Competition is extremely intense with high entry standards and requirements. Some consultancy firms have several rounds of interviews and assessment centres that candidates must go through. If you wish to get into consultancy work immediately after university you should start applying for positions at the beginning of your final year and try to establish some relevant experience.
Demonstrate to employers your commitment to the profession by gaining membership of the Institute of Consulting (CMI). Keeping up to date with industry news through organisations such as the Management Consultancies Association (MCA) will also help to strengthen your applications.
You'll need to show:
- the ability to work as part of a team
- interpersonal and communication skills, both oral and written
- creativity and innovation
- problem-solving and strategic planning ability
- analytical skills
- the ability to cope with pressure and challenges
- commercial awareness and understanding of business environments.
Employers often value experience and skills as much as qualifications, so it's useful to gain relevant work experience before you enter the profession.
As well as part-time or voluntary work, this could include extracurricular activities such as club membership, team sports, or society work that involves team building skills, business or finance knowledge and organisation skills.
Management consultancy firms are the main employers. These can be divided into the following areas:
- Generalists are the larger firms, such as Deloitte, EY, KPMG, PwC and Accenture. They offer a range of services from strategy consulting and human resources, to IT and outsourcing on a global basis.
- Strategy consultants offer strategic advice to companies on a project-by-project basis e.g. new market entry, long-range planning and rationalisation of goods and services.
- Human resource consultants offer specialist HR advice, e.g. in organisational restructuring, talent and rewards strategies.
- Information technology consultancy firms offer specialist IT advice such as defining information needs, systems analysis and design, as well as applications consulting.
- Financial consultants offer specialist advice including the installation of budgetary control systems, profit planning and capital and revenue budgeting.
- Outsourcing consultancies manage the outsourcing of projects such as IT, finance and HR.
- Niche firms are often set up by consultants leaving the larger firms to set up their own consultancies in a particular sector or specialist service.
Consultants operate across a whole range of industries and sectors, including:
- charities and educational institutions
- financial services
- hospitality and leisure
- media and telecommunications
- the public sector and government
Look for job vacancies at:
Specialist recruitment agencies also handle vacancies, these include:
The type of training offered can depend on the type of consultancy firm and its size. Large firms typically have a structured training programme with a detailed induction process that covers an overview of the organisation, structure and specific roles. You'll usually be under the guidance of an experienced consultant. In smaller firms a lot of the training may be carried out on the job, and you'll be expected to pick things up as you go along.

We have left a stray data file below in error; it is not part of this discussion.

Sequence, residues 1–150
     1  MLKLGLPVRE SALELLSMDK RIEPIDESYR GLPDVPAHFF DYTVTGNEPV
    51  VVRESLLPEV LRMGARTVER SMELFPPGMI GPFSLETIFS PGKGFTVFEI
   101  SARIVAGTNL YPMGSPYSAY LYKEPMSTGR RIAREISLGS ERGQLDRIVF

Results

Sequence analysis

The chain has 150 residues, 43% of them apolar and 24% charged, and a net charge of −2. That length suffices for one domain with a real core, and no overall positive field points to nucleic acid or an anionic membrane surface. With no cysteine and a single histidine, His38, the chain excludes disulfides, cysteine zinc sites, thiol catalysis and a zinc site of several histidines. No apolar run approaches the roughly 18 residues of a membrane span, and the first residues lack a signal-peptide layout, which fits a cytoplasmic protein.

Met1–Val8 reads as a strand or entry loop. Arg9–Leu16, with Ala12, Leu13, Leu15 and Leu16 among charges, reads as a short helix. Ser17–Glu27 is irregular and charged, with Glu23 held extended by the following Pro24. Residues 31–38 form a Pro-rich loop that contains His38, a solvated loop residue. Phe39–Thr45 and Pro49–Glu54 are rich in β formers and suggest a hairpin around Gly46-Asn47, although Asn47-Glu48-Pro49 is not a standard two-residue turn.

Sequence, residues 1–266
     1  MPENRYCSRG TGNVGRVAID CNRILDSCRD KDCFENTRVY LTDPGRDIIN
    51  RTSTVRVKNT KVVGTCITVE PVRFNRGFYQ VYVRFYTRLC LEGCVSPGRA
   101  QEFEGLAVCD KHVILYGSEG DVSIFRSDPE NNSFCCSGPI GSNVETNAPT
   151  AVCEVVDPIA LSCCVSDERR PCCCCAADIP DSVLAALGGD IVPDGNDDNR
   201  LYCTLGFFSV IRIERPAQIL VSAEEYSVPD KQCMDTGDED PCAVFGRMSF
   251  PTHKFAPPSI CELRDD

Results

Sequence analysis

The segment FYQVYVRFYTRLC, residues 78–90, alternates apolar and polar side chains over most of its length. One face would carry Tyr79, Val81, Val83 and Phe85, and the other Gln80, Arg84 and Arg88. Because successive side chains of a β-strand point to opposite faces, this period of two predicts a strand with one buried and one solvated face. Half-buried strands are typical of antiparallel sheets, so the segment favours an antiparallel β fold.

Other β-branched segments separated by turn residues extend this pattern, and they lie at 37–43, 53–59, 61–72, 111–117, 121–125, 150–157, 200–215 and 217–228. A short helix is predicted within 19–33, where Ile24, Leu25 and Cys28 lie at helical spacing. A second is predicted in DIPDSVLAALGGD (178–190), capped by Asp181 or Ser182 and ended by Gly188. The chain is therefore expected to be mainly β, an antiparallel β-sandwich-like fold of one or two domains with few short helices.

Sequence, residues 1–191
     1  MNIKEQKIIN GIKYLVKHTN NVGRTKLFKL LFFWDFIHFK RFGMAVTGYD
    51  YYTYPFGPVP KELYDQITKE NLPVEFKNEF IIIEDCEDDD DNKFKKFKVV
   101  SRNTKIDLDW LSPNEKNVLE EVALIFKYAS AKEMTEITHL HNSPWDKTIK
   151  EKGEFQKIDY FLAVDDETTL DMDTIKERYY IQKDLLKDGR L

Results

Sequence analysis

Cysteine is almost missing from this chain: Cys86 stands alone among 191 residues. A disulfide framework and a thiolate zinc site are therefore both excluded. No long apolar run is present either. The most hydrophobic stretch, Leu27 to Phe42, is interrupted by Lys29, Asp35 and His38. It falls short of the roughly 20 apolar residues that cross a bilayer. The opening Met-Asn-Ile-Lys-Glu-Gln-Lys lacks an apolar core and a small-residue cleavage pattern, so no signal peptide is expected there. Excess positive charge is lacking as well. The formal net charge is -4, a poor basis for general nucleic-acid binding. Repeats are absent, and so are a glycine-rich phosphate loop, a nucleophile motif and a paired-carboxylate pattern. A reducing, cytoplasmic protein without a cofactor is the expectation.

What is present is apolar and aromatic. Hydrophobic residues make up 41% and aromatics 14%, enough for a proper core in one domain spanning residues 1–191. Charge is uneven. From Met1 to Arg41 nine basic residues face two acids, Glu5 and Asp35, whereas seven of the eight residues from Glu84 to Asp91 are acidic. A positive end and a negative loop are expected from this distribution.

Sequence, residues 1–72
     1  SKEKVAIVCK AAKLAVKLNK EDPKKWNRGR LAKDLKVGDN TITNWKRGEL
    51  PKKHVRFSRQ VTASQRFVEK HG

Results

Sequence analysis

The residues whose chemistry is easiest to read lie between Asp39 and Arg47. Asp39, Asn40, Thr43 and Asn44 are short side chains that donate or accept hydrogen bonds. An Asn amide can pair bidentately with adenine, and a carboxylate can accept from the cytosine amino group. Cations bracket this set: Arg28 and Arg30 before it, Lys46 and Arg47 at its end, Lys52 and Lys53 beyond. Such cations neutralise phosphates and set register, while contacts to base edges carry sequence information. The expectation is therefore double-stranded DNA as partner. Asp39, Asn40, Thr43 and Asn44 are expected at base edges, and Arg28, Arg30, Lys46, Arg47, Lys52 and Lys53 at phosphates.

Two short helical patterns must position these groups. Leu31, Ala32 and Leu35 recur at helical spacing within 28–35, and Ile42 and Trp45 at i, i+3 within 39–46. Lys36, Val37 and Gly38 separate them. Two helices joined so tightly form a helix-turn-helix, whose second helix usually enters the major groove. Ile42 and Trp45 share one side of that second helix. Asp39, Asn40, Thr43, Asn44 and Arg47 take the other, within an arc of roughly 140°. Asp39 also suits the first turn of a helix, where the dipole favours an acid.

Professional qualifications can be carried out while working and relevant awards are offered by the CMI. This includes the Level 7 qualification in Professional Consulting, which is available at three levels - award, certificate and diploma. It's aimed at those who want to develop strategic skills within consulting.
Beyond this you may choose to progress to the qualification for Certified Management Consultant (CMC), which is achieved through a competency-based assessment process and provides evidence that you have reached an accepted standard. You must be a member or fellow of the CMI to complete the award. Find out more at CMI - Qualifications.
Postgraduate qualifications that are relevant to management consultants are also available and could potentially be taken while working with the support of your employer. The MBA is popular with management consultants, but other Masters programmes in relevant business subjects are available.
The MCA offers courses, workshops and seminars for consultants at all levels, from writing a business proposal for junior consultants to high-level presentation skills for partners. Get more information at MCA - Career Development.
As a new graduate you'll usually begin your management consultancy career in an analyst role, mainly carrying out research, data collection and analysis. Once you've gained some experience, you'll move on to the full consultancy role.
From here you'll typically progress to senior consultant or manager level, and this is usually achieved within about three years. At this level you will lead teams and design and develop solutions and projects.
It's also possible to take on project management roles, perhaps specialising in a certain industry to become an expert in that area.
Once you reach senior consultant or manager level, you can go on to become a partner or director of a firm where you'll have responsibility for generating new business, developing client relationships and overseeing the strategic growth of the firm.